AMN Capsule Comments: Mike Eisenberg’s Recent Playlist (July 21, 2021)

From time to time, AMN writer Mike Eisenberg revisits older albums that he has not listened to in a while and provides comments.

Michael Gibbs – “Michael Gibbs” (1970)

This is Michael Gibbs (self-titled album), I believe this was originally released in 1970 but there have been some re-releases. It’s also his first album under his name.

This one really satiated my Brit-jazz big band hankerin! The arrangements are definitely NOT straight ahead, there are moments of Ellingtonian big band blowouts but, for every one of those, there are another 5 skewed, spikey, and quite unhinged chaos drivers…and it’s those moments that make this album work for me. There is a massive amount of British Jazz talent on this release, this is truly a super-band that works! Oh, and it’s loud as hell too. I swear there are moments when the band sounds like it’s going to implode upon itself but…no, they somehow bring it all back together…I love those moments, and it’s a testament to the arranging talents of Gibbs. Highly recommended Brit-jazz release.

Marcus Schmickler – “Wabi Sabi” (1996) 

I like a lot of Marcus Schmickler’s music and this one is no exception. Here he goes under the name Wabi Sabi and this is a 47-minute brain rewiring electronic suite.

The title cut is split into 4 parts and the sound is…well…what exactly is that sound??? Is he channeling early Pauline Oliveros tape splicing? No, this sounds more sophisticated than that, but it does have that vibe in parts. But, the sounds are forever morphing, usually without any awareness until you do become aware, and then realize it’s been evident for a couple minutes already. What’s that unusual low-end mass that seems to support everything? Are those voices in the background? Why yes, now that he mixed them gently to the foreground. What are they saying? No clue, but…it’s kinda f’ed up, Wow…did you hear that? The many-layered electronic pulses just completely morphed into something totally different, and it was so natural. Well, now that you mentioned it, yeah…you’re right. Dayamm…this piece is many-faceted…you know, like a prism. Nah, it’s more like a labyrinth. Like that thing in The Shining…you can really get lost in this thing if you’re not careful. Ok, I’ll make it easy, EM fans should hear this, through phones or buds, and pretty loud too. It’s a…strange trip indeed! 

Tim Berne’s Caos Totale – Nice View (1993)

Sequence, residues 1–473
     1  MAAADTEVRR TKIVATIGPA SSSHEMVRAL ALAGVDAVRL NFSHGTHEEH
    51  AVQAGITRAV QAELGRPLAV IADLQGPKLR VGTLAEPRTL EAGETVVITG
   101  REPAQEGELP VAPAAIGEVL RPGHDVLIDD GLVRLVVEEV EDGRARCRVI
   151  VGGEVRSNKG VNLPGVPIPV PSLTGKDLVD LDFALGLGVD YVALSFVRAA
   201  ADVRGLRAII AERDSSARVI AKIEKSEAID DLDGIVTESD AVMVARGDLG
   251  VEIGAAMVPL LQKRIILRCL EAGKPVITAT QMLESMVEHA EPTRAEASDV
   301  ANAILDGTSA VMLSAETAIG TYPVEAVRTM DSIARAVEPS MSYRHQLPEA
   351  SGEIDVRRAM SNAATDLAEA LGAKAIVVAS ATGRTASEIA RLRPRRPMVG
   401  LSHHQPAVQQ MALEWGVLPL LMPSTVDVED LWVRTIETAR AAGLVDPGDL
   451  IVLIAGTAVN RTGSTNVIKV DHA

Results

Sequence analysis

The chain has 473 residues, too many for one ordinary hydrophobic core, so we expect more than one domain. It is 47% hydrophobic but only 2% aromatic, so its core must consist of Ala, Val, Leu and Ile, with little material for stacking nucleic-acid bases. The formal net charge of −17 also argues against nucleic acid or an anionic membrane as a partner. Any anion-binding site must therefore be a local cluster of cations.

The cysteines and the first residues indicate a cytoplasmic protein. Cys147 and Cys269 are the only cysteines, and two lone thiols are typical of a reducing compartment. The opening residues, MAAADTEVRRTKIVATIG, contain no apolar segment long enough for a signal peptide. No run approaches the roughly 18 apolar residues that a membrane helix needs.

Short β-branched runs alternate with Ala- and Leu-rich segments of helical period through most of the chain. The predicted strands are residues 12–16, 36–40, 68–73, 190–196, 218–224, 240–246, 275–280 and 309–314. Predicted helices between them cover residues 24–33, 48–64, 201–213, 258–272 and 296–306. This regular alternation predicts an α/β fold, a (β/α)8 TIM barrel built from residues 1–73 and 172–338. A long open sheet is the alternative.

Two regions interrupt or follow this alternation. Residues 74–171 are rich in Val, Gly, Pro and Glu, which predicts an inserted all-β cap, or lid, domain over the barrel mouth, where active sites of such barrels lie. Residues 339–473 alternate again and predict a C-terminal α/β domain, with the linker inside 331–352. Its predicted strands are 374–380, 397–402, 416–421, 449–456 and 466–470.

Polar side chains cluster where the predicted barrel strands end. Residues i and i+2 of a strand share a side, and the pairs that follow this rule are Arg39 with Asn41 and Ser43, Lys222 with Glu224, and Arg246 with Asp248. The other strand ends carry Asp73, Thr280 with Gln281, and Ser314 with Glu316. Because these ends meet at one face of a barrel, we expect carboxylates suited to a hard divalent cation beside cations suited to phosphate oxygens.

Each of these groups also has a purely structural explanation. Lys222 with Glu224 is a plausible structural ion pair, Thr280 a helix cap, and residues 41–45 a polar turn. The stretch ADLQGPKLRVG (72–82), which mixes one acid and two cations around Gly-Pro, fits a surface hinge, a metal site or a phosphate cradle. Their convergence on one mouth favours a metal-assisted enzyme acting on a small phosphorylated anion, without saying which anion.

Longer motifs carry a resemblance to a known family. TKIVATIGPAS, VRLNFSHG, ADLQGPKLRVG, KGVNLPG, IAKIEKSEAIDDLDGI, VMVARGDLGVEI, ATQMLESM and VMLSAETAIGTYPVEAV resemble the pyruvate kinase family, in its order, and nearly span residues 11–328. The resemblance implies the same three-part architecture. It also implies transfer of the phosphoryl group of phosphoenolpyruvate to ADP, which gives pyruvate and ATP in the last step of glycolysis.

This is one (of many) of my favorite Tim Berne lead groups. The players are Tim Berne (as), Bobby Previte (d), Marc Ducret (g), Mark Dresser (b), Steve Swell (trb), Herb Robertson (tp) and Django Bates (piano, keyboards, and e-flat Horn). It has 3 long tracks (one of them clocking in at almost 40min). This is not unusual for Berne as one of his hallmarks are epic avant-jazz build-ups that go through numerous permutations, always very organically with no sudden mood changes, that is till you realize the whole tableau has changed unbeknownst to you.

Other things I really dig about his music is his penchant for writing these long, incredibly complex snake-like melodies that unfold upon themselves, usually played in unison with two, three, maybe even four instruments, many times at breakneck speed. Same can go for the rhythm section with the bass doubling the guitar and the drums just going defcon 5 over it all. Eventually, somebody breaks off and starts soloing over this barrage of rhythm and, this brings me to Marc Ducret. He is given a lot of space to do his thing on this record and…for the love of Mike, he just rips through time and space reducing sound to something with Planck-like dimensions. Listen to the second track on this album, “The Third Rail” (starting around the 21.30 mark) for a taste of this. His playing against the tight backing from the rest of the band is some of the finest noise-based propulsion I’ve ever heard. At one point I thought I heard cartoon voices but came to the conclusion it was part of his processing. It’s jaw-dropping, really….you should listen to it! Berne has played with a lot of really fine guitarists over the years but I think the performance here from Ducret may be the top of the heap. This is getting too long and I haven’t even talked about everybody else’s playing, suffice to say all these pro’s just tear it up. I love this album, actually no, I love many of his albums and he has a huge catalog, but this can serve as an excellent launching pad for the more adventurous jazz listener. 

Michael Eisenberg